- Employee retirement fund. Businesses can deduct the amount of money the company contributes toward their employees' 401(k) or other retirement funds. Small-business startups get a tax credit during their first three years for opening a retirement plan for their employees.
- Like-kind exchange. If you sell a piece of property and purchase another in a like-kind exchange, you can defer paying taxes on the first property until you sell the second property. The money you received from the sale of the first property must be given directly to a financial intermediary who puts it into a trust fund. The intermediary then uses the trust-fund money to purchase the second property for you.
- 1099 tax forms. You must file a 1099-MISC whenever you pay an unincorporated independent contractor $600 or more in a year for work done in the course of your business. Also, if you receive a 1099-MISC for work that you performed for someone else, you must report these 1099-MISC amounts as income on your tax returns. The IRS receives a copy of the 1099-MISC and will match it to your tax return.
- Tax return records. Keep your tax returns permanently in case the IRS notifies you for tax records. While the IRS typically audits taxpayers up to three years (or seven years if something’s amiss), they can technically audit you indefinitely if they suspect fraud. You can shred backup documents, such as receipts and canceled checks, after seven years.
Above all else, Wiitala stresses the importance of communicating with your accountant. He advises all small-business owners ― as well as individuals ― to meet with their tax advisor at least twice a year.
Wiitala likes to see his clients in July and November or December to go over their tax plan, discuss financial goals, and consider plans to stay on track. Then in January or February he meets with them again to receive their final records for tax preparation.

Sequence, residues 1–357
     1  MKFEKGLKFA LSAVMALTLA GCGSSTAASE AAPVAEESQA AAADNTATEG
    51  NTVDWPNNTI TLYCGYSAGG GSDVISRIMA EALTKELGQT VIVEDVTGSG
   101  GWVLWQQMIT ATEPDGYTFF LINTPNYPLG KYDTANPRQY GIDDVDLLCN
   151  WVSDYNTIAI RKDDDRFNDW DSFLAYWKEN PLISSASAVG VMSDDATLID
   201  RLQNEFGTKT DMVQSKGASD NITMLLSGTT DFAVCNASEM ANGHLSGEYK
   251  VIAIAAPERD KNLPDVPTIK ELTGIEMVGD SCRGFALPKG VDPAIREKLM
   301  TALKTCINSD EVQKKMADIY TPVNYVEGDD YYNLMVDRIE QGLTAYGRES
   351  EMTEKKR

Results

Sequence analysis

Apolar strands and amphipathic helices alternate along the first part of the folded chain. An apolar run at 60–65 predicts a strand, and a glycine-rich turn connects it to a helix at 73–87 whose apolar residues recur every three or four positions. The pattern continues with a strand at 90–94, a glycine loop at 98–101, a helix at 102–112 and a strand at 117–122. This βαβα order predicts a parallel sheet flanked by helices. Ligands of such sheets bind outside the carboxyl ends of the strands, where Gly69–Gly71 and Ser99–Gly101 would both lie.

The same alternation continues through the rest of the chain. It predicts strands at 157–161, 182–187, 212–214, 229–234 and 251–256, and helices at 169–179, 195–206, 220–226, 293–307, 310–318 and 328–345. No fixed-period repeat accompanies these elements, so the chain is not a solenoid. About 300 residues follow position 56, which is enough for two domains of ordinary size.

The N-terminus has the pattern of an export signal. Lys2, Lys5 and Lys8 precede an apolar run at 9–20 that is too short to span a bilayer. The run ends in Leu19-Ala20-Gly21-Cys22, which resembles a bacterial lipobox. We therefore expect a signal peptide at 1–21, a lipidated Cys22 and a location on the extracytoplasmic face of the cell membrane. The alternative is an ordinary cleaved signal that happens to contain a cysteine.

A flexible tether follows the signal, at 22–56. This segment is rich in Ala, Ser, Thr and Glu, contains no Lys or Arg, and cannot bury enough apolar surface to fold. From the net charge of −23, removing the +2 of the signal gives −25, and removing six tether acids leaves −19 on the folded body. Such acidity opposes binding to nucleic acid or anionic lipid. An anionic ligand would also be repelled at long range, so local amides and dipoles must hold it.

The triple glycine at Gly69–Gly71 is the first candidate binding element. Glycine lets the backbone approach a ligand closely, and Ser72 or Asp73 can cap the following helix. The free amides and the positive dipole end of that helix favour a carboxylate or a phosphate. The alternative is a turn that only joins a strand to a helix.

Not quite ready?
If you still have stacks of receipts from 2014 to go through, Wiitala says to input your income and expenses into an accounting software, such as QuickBooks, and contact an accountant as soon as possible for help.
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Need more time to prepare your taxes for 2014? As a sole proprietor of a business or a single-member LLC, you can request a six-month extension from the IRS, but your request must be received by April 15.
“You have to remember, however, that while an extension gives you additional time to file your taxes, it doesn’t give you additional time to pay your taxes,” Wiitala says. You need to estimate the taxes you may owe and send in a tax payment by April 15 to avoid interest or penalties.
Not filing by April 15 and not requesting an extension will land you a failure-to-file penalty. According to the IRS you can expect a stiffer penalty when you altogether ignore the April 15 deadline than if you fail to pay on time.
If you file your taxes on time but aren’t able to pay what you owe by the April 15 deadline, you can ask the IRS for an installment agreement to make payments. Contact the IRS for repayment options and ways to defer the failure-to-pay penalties.
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1Jean Murray (2014). “2014 Business Tax Return Due Dates,” About Money.
2For details on the FedEx Money-Back Guarantee, see Our Services at fedex.com.
3Terms, conditions and weight limits apply. Proper packing required. See the FedEx Service Guide for details.
4The flat rate is determined in part by three zones from origin to destination: generally 0–150 miles, 151–600 miles and 601-plus miles.
FedEx is not paying Mr. Wiitala for this article and does not in any way endorse his services or the information provided herein. Individuals should conduct the research necessary and speak to the appropriate professionals to determine what is applicable to their business.